BELOW The spot where the P-38 crashed, the one lump of debris I found is on the map.

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All details and quote above are from Pat Cunningham’s books ‘Peakland Air Crashes – The South’ (2006) and ‘White Peak Air Crash Sites’ (2012)

The two aircraft were close in serial numbers too, the prefix numbers ’42’ representing the fiscal year of 1942 and the numbers that follow the prefix represent the order in which the aircraft were purchased. The list below from Joe Baugher shows the P-38 Lightnings ordered – and what happened to them – between the two that crashed, 42-67480 and 42-67670.

The reference to ‘Black Sunday’ is with regards ‘Operation Tidal Wave’, a raid in which 53 USAAF aircraft and 660 airmen were lost attacking oil refineries at Ploiești in Romania.

Also note P-38 42-67543 “California Cutie” (photo below) which crashed at the Flying Legends Airshow at Duxford in 1996 with the loss of pilot Michael Bryan Proudfoot. News report of the crash;

At 16 seconds in, the camera pans past a P-51D Mustang on the ground – Big Beautiful Doll, which was lost in a crash at the Flying Legends Airshow in 2011, the pilot fortunately like Second Lieutenant Senesac, bailing out at the last instant and surviving the crash. The Mustang alas didn’t survive.

BELOW Photo of P-38 from wikipedia commons of P-38J 42-67543 “California Cutie” which crashed in 1996

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Details below courtesy of joebaugher.com

42-67480 (310th Ferry Squadron, 27th ATG) crashed Dec 11, 1943 due to
failure of both engines near Cronkstone Grange between Buxton and
Ashborne, England in the Peak District. Aircraft struck a
wall at the end of the field, caught fire, and was destroyed.
Pilot OK
67484 (20th FG, 55th FS) lost Jan 29, 1944, Rougham AB, UK.
67485 seen in a scrapyard near Blackpool, UK in 1963.
67488 fitted with Rolls Royce Merlin engines by Rolls Royce at
Hucknall, England May 1944. Performance greatly improved
but project stopped by authorities in Washington.
67489 (20th FG, 55th FS) crashed on takeoff at Kingscliffe,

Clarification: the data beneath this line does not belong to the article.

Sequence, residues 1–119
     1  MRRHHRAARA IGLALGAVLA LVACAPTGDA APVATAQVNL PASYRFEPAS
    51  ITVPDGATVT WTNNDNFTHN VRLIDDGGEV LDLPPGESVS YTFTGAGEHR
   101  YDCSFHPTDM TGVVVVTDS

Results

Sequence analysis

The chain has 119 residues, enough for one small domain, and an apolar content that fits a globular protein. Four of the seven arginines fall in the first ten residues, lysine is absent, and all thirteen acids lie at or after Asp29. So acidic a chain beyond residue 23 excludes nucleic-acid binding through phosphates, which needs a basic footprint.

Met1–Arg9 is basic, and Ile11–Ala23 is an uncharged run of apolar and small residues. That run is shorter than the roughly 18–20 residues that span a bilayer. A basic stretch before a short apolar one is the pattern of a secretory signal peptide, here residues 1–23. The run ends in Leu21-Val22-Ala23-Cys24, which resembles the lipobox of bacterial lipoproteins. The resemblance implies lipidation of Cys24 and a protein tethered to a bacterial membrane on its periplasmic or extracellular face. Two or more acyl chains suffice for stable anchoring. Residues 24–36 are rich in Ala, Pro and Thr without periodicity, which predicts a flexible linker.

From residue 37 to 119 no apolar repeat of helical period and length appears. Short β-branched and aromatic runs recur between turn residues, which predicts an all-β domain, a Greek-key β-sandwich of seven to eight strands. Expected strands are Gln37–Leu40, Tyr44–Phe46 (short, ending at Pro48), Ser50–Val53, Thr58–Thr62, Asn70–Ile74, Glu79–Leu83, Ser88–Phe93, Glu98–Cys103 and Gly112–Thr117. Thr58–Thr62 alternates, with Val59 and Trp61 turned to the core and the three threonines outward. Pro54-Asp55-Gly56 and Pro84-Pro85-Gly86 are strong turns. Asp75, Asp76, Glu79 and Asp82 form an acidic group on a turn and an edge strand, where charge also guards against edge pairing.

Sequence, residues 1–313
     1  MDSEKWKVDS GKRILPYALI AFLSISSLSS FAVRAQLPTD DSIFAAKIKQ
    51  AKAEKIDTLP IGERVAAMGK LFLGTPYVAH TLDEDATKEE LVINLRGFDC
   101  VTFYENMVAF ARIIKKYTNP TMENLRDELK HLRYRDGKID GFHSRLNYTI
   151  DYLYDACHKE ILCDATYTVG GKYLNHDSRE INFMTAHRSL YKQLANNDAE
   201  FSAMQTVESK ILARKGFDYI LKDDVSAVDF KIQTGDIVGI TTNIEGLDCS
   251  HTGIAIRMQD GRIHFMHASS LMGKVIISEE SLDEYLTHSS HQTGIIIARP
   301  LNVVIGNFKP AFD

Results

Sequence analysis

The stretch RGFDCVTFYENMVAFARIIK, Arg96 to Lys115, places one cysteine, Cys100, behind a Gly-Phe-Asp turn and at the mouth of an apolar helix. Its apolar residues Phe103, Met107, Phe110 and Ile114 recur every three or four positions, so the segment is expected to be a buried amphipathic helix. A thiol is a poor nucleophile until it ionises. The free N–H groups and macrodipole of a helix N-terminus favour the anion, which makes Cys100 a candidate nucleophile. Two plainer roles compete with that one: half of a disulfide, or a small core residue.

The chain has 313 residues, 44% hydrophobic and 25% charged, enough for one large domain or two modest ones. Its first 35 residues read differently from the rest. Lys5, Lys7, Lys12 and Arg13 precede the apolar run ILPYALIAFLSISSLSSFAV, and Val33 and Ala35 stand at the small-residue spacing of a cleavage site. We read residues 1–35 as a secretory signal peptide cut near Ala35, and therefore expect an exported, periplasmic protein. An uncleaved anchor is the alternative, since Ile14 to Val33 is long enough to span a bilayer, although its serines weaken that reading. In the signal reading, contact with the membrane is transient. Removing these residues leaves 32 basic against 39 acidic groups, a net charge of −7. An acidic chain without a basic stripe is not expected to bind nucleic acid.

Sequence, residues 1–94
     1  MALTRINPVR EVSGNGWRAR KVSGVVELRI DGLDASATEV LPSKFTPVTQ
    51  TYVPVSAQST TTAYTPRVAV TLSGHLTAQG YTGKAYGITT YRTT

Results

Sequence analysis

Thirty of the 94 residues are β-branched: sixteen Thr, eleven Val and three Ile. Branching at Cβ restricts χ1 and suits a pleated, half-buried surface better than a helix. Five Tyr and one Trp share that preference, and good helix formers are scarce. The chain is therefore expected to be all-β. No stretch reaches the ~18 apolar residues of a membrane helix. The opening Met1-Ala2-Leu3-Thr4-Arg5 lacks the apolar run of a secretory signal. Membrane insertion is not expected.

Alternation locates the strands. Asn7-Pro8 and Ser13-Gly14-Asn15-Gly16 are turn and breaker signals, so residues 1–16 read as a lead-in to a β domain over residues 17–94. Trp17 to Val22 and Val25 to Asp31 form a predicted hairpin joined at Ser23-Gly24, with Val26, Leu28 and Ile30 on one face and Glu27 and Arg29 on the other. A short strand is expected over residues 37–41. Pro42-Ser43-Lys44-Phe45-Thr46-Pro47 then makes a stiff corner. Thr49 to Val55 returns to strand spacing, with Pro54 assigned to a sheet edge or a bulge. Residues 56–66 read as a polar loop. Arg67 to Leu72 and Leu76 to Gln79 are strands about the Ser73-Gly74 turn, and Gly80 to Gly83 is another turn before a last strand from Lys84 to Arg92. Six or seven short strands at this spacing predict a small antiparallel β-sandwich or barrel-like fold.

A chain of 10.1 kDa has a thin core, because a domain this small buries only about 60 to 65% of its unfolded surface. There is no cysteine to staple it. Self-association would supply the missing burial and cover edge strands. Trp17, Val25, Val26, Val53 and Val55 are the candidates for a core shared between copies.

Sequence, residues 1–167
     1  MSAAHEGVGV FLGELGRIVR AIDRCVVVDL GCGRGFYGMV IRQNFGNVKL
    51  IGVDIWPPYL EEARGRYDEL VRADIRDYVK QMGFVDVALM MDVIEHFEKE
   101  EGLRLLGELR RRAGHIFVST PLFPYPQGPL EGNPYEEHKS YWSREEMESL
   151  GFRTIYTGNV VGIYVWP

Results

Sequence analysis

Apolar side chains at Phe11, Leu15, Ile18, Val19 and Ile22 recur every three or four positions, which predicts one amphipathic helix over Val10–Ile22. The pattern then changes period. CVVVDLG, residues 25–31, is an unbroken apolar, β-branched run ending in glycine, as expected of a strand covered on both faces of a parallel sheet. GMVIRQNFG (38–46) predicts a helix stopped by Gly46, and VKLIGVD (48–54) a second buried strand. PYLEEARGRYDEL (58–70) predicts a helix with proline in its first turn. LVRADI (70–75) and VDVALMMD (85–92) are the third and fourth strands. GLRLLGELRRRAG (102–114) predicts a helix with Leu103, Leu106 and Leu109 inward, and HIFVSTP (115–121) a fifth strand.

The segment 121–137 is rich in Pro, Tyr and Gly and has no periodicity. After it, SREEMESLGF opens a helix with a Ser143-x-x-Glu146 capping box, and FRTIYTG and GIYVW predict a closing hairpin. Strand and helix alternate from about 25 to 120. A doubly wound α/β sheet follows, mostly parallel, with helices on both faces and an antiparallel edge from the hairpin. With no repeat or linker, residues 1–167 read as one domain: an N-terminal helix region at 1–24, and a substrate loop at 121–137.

UK Dec 31, 1943. Pilot killed
67490 (c/n 2001) on civil registry as N138BB
67494 (55th FG, 38th FS) developed fuel leak on takeoff, fuel
poured into supercharger, caught fire, and plane crshed
at Nuthampstead, UK Dec 26, 1943. Pilot unhurt.
67498 lost control and crashed near Walsham le Willows, UK
Dec 30, 1943.
67520 (55th FG, 38th FS) lost Hulst, Netherlands Jan 24, 1944. MACR 2111. Pilot POW.
67529 to F-5C-1-LO
67530 to F-5C-1-LO
67531 to F-5C-1-LO
67532 to F-5C-1-LO
67534/67542 to F-5C-1-LO
67543 to F-5C-1-LO. Recovered from Yukon, OK and reported
ca 1987 stored at Chino for restoration. On civil registry as N3145X. Went to
The Fighter Collection at Duxford, England but retained registration NX3145X. Crashed Jul 14,
1996 during an air show at Duxford, killing the pilot. Still current as N3145X
67544/67550 to F-5C-1-LO
67550 (7th PRG, 27th PRS) crashed on takeoff at Mount Farm,
England Sep 8, 1944.
67552/67565 to F-5C-1-LO
67566 to F-5C-1-LO
67567/67569 to F-5C-1-LO
67569 (10th PRG, 31st PRS) crashed at Brighton, England
Jun 8, 1944
67572 (F-5C-1-LO) crashed near Rush Springs, OK Jan 14, 1944.
Pilot killed.
67573/67577 to F-5C-1-LO
67574 to NX49721 1946. Race #51 ‘Connie Special’ then race #64 ‘Jill’ and race #63. Canx Nov 28, 1955.
67586 (475th FG, 432nd FS) shot down by fighters Apr 3, 1944
near south end of Sentani Lake
67589 (475th FG, 432nd FS) damaged on ground by P-40 at end